Whether it is her thorough knowledge of the chakras and nadis, or the art of mudra, there are many aspects of yoga which are not commonly taught either in classes nor the standard 200 hour Yoga Teacher Trainings in Australia. Denise’s particular focus is on the koshas and their relation to every other aspect of yoga and life. The body, breath, mind, inner wisdom and sense of bliss are integral to the experience of living yoga on and off the mat. In Bali, the spiritual life is not an afterthought – it is in the morning and evening rituals, the approach to nature, food, dance, art and life. This has been attracting Australian yogis, surfers and spiritual seekers for decades.

While Denise has best been known for her Power Yoga practice, chakras and mudras workshops over the past 8 years at Yoga Barn, and prior through One Song in Portland, she has also won over many yogis with her meditative approach to Yin Yoga. She describes the experience of Yin as “a deeper conversation with the body and the self”.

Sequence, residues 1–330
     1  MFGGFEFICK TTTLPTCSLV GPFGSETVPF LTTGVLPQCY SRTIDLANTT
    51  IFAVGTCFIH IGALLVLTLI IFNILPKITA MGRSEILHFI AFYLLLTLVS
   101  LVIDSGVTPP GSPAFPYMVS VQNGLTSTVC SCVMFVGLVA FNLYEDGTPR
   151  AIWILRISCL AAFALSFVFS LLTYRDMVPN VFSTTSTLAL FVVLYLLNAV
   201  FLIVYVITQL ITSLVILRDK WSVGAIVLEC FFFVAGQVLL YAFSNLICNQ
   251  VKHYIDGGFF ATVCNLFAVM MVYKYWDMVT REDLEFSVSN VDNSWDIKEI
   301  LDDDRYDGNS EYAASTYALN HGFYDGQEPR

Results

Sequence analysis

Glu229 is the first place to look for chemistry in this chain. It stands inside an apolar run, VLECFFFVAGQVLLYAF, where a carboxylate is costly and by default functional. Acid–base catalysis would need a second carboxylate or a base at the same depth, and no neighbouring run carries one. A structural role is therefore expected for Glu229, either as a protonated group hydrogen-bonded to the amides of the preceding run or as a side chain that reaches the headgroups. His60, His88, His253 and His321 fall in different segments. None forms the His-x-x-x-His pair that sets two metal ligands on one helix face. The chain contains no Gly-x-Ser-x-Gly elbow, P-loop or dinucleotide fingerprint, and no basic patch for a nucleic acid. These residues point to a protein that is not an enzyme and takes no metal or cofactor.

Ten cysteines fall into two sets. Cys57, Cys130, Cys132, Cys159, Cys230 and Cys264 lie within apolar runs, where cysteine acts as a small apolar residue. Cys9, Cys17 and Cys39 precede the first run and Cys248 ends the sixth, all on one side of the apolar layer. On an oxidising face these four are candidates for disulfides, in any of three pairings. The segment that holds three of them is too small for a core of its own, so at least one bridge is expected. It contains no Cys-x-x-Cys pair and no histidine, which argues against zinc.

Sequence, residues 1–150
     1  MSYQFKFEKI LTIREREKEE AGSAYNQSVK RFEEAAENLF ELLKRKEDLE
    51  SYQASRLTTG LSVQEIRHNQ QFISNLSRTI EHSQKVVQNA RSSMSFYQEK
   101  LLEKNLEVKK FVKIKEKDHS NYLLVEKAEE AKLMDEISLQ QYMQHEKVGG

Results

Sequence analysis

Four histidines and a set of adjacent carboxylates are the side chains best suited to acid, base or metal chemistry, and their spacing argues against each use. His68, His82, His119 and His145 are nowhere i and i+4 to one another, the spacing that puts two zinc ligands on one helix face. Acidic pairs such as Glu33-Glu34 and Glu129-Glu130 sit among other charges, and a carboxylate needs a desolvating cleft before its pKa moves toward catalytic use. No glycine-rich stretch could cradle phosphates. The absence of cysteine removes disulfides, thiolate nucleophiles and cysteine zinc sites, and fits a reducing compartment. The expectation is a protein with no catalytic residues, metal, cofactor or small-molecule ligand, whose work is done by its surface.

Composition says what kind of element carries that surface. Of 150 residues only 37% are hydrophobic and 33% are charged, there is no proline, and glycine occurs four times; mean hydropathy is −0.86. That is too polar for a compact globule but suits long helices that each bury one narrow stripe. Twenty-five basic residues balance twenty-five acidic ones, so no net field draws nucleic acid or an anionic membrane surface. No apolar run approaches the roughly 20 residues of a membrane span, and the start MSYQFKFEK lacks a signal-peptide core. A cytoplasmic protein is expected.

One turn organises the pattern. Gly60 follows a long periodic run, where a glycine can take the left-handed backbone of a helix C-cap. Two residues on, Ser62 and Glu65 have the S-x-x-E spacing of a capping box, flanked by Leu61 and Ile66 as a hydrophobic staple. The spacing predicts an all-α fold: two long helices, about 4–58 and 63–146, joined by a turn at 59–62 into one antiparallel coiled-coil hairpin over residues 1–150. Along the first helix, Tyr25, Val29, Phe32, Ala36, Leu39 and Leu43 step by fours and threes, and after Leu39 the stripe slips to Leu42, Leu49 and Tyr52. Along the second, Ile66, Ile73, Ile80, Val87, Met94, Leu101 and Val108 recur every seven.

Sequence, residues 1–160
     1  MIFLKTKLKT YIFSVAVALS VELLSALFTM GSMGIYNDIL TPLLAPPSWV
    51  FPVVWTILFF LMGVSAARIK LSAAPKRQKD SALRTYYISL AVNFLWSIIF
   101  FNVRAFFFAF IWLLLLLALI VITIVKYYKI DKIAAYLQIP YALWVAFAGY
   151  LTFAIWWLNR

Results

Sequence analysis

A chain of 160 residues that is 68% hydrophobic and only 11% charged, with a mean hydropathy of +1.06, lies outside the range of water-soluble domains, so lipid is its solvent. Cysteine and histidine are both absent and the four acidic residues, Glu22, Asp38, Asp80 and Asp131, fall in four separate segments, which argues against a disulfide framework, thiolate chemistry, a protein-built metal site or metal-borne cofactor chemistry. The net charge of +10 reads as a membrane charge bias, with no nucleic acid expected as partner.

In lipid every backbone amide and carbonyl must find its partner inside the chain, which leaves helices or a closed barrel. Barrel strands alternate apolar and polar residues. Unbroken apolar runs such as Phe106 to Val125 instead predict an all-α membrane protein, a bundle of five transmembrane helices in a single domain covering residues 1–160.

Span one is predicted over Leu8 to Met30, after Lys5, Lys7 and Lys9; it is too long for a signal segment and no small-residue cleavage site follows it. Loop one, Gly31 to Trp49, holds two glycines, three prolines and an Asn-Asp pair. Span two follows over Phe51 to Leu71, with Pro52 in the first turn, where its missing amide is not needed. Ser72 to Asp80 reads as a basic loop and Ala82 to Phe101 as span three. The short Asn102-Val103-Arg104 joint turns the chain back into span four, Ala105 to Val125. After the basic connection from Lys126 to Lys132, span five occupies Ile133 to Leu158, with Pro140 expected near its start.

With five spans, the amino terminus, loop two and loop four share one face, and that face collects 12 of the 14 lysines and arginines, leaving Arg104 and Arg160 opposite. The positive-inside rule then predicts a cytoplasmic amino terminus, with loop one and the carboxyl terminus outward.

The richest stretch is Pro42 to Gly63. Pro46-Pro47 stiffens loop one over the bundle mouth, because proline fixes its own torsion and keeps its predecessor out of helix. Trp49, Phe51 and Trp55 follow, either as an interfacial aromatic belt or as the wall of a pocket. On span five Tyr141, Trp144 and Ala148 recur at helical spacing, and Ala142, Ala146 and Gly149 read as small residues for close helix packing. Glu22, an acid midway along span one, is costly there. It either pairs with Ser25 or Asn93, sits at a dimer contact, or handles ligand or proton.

Yoga has become even more of a sanctuary for Denise now that she has moved back to the United States after 8 years of living in Ubud, Bali. As anyone who has faced a major move or life event knows, the practice of yoga can provide a sense of groundedness in uncertain and challenging times.

Denise took time between teaching, planning an upcoming Ubud Teacher Training and finalising her book on Yin Yoga to answer questions.

How old were you and how did you first discover yoga?

I was 8 years old when I first met my teacher and 15 when I was first introduced to Kundalini yoga. I was kind of a sick kid that wasn't allowed to do anything really, and being introduced to that was literally a life saver.

Do you feel that you chose to be a teacher or that it was almost inevitable once you immersed yourself in study with your teacher?